Well, what about your content? What about your privacy settings? Can anyone find you, or do you restrict what people can find out about you?
The whole Facebook row which has been in the news is a good example of where this is contentious when changes start to be made.
If you didn't follow the story, basically Facebook decided that they wanted to change their "terms of service" (that's the bit that you didn't read before you ticked the box and hit the I Agree button, OK?) to allow them to claim "ownership" over all the content members put on the site. This BBC story kind of explains it. They then had to back down because lots of people decided they thought this was a Bad Thing - as summarised by the BBC again.
Hmm, please read them carefully? All 6,839 words?! (yes, I counted them...)
All very well - the change of heart is "temporary" and maybe the original plan wasn't actually to claim ownership either, although that's how it hit the headlines which would have put some users off at least.
What is interesting is that all this "new" social networking stuff is basically giving people a free reign over what they put online. The problem with putting content online is that you then lose some element of control over it before you start. Need an example? Ever taken a photo from a website? Or copied some text? Or accessed a friend's profile? (or, more interestingly, an enemy's?!!).
Losing control isn't necessarily a bad thing, so long as you control what you lose control of. Do I mind if the details I put on this blog are in the public domain? No, not really - I've limited what I've put in the profile that goes with it deliberately so that it doesn't matter.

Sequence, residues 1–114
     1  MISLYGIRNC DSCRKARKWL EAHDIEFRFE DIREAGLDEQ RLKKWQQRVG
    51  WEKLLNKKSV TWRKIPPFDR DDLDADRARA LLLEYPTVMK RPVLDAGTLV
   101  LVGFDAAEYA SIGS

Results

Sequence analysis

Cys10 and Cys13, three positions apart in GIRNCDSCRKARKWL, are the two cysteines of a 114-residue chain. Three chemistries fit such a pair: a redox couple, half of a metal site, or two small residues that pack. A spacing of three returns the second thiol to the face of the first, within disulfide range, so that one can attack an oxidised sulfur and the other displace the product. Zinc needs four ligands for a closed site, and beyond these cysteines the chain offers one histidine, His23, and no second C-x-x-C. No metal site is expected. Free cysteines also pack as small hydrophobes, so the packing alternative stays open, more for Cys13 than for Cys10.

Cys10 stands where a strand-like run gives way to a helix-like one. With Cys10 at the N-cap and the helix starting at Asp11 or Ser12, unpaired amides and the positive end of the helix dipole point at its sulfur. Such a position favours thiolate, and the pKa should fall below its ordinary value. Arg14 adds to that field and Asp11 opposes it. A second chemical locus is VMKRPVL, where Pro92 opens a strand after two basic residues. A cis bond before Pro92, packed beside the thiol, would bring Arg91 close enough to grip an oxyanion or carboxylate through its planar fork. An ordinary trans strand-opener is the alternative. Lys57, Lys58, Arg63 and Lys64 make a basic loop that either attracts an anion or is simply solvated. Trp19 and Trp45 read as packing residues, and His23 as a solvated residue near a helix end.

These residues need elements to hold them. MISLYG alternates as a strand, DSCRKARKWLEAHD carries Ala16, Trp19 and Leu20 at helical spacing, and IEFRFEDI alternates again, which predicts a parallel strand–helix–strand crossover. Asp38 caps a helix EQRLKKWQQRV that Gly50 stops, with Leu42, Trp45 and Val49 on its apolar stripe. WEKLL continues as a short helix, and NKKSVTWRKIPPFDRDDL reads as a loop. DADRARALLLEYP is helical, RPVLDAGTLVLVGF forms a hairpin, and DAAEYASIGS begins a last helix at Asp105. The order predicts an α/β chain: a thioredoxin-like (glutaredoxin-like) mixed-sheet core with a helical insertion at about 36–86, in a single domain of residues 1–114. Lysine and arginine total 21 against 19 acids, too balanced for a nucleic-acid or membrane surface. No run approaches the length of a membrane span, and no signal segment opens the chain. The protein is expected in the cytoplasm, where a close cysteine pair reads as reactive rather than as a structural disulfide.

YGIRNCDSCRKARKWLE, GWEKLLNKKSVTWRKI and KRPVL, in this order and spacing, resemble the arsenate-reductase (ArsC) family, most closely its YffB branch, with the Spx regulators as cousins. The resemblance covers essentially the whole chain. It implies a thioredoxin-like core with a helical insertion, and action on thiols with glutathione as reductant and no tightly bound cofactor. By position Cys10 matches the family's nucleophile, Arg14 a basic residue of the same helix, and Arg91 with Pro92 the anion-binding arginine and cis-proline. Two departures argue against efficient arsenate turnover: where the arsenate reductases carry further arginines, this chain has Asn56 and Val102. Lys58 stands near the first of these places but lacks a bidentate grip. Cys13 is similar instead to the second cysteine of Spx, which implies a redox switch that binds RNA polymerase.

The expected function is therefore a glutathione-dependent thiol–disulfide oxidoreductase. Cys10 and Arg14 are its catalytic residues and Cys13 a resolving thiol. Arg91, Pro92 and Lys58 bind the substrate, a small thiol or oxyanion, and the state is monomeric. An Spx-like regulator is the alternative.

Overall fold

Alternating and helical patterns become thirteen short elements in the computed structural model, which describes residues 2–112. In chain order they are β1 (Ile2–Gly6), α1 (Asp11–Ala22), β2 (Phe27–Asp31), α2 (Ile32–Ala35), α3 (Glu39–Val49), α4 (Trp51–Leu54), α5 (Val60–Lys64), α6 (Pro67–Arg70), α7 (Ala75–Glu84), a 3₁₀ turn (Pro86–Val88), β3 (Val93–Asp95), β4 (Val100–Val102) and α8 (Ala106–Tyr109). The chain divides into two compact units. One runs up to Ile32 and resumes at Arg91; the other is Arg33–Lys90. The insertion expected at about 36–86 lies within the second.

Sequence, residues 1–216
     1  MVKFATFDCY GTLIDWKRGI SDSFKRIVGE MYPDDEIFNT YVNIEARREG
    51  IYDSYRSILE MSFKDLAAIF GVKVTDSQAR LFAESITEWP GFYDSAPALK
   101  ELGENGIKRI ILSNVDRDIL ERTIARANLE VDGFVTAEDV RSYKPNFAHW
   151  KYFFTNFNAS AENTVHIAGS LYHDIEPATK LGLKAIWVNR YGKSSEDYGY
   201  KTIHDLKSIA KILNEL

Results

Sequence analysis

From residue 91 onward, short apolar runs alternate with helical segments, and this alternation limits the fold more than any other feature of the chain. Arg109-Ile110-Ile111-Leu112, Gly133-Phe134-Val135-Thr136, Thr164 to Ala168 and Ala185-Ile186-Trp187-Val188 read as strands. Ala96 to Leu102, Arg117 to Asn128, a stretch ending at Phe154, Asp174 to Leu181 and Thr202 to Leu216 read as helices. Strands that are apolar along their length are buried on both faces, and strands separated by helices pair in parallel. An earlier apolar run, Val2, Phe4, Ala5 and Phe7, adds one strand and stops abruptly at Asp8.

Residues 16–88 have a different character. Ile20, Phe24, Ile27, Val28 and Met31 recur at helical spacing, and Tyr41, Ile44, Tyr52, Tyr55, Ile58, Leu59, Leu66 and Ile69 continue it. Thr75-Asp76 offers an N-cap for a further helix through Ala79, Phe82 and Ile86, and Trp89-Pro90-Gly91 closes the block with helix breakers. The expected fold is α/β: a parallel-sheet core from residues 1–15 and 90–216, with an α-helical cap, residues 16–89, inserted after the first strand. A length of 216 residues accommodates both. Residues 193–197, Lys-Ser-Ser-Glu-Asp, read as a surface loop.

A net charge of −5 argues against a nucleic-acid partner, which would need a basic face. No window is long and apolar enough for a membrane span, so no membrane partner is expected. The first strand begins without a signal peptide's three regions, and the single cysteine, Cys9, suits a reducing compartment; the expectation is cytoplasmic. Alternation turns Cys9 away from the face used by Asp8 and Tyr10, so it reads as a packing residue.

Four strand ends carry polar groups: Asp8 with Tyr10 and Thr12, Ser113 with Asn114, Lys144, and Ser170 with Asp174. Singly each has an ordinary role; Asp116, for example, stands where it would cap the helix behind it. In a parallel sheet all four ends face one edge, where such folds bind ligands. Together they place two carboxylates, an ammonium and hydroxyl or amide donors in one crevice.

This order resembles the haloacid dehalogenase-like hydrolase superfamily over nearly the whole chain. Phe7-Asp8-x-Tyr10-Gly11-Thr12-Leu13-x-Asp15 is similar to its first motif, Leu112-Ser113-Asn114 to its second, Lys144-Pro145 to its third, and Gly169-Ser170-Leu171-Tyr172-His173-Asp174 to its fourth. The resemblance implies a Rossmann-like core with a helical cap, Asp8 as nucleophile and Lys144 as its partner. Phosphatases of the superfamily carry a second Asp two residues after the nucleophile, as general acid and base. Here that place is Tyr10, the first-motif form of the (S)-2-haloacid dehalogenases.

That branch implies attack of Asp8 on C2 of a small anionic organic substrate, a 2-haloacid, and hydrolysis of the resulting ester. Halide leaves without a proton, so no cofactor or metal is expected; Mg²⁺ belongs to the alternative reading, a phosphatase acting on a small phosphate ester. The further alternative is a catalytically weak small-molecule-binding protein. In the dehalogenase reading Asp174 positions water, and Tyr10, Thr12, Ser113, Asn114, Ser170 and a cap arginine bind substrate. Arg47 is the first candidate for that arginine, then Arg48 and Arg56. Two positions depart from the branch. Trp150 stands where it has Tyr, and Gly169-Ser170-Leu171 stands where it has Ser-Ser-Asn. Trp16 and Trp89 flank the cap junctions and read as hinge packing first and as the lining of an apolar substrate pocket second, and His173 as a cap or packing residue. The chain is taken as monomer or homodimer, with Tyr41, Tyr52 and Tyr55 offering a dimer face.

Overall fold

But here's a thing - seems lots of people don't change security settings or have any idea what ticking the box and hitting the I Agree button allows someone else to do:
It is likely though that until the row over Facebook's Terms and Conditions went public, few people knew what rights sites claim over the content that their members upload and share.Does this matter? Should people care what companies do with their details or who can access them? What information about you is there online that in 10 years time might come back to haunt you?
"Less than 25% of users are making a specific point of going to the privacy settings and making changes," said Simon Davies, head of digital rights group Privacy International.
From: Whose data is it anyway? (BBC, 20/2/09)
Or, for that matter, about me...